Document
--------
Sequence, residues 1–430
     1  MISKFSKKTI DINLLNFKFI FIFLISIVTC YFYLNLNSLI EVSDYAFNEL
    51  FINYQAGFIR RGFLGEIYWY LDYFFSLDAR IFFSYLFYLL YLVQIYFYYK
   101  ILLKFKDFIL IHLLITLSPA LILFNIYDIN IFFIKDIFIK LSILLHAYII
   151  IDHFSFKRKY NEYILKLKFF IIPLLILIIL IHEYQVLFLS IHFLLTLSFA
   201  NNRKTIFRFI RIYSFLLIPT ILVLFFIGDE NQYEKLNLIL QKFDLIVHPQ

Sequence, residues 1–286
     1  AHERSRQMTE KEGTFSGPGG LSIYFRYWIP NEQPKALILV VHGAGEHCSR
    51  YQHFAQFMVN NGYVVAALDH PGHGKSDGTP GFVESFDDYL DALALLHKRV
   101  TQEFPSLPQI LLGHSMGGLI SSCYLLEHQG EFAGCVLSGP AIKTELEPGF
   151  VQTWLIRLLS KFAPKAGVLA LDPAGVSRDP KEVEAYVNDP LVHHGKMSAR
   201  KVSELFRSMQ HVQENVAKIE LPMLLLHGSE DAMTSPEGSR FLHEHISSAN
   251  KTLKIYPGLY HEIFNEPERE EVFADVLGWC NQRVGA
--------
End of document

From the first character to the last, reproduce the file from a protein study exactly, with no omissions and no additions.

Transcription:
Sequence, residues 1–430
     1  MISKFSKKTI DINLLNFKFI FIFLISIVTC YFYLNLNSLI EVSDYAFNEL
    51  FINYQAGFIR RGFLGEIYWY LDYFFSLDAR IFFSYLFYLL YLVQIYFYYK
   101  ILLKFKDFIL IHLLITLSPA LILFNIYDIN IFFIKDIFIK LSILLHAYII
   151  IDHFSFKRKY NEYILKLKFF IIPLLILIIL IHEYQVLFLS IHFLLTLSFA
   201  NNRKTIFRFI RIYSFLLIPT ILVLFFIGDE NQYEKLNLIL QKFDLIVHPQ

Sequence, residues 1–286
     1  AHERSRQMTE KEGTFSGPGG LSIYFRYWIP NEQPKALILV VHGAGEHCSR
    51  YQHFAQFMVN NGYVVAALDH PGHGKSDGTP GFVESFDDYL DALALLHKRV
   101  TQEFPSLPQI LLGHSMGGLI SSCYLLEHQG EFAGCVLSGP AIKTELEPGF
   151  VQTWLIRLLS KFAPKAGVLA LDPAGVSRDP KEVEAYVNDP LVHHGKMSAR
   201  KVSELFRSMQ HVQENVAKIE LPMLLLHGSE DAMTSPEGSR FLHEHISSAN
   251  KTLKIYPGLY HEIFNEPERE EVFADVLGWC NQRVGA